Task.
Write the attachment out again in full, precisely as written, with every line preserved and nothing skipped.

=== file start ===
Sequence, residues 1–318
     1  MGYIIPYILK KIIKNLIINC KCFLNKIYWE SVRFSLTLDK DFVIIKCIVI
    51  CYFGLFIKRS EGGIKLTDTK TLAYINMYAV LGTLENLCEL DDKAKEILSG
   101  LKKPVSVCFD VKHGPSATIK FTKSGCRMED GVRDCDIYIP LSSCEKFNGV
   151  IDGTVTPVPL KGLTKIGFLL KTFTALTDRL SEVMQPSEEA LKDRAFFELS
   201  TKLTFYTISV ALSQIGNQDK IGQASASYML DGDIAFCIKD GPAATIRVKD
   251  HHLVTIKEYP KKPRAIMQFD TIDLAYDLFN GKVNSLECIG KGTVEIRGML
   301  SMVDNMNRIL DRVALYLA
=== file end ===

Sequence, residues 1–318
     1  MGYIIPYILK KIIKNLIINC KCFLNKIYWE SVRFSLTLDK DFVIIKCIVI
    51  CYFGLFIKRS EGGIKLTDTK TLAYINMYAV LGTLENLCEL DDKAKEILSG
   101  LKKPVSVCFD VKHGPSATIK FTKSGCRMED GVRDCDIYIP LSSCEKFNGV
   151  IDGTVTPVPL KGLTKIGFLL KTFTALTDRL SEVMQPSEEA LKDRAFFELS
   201  TKLTFYTISV ALSQIGNQDK IGQASASYML DGDIAFCIKD GPAATIRVKD
   251  HHLVTIKEYP KKPRAIMQFD TIDLAYDLFN GKVNSLECIG KGTVEIRGML
   301  SMVDNMNRIL DRVALYLA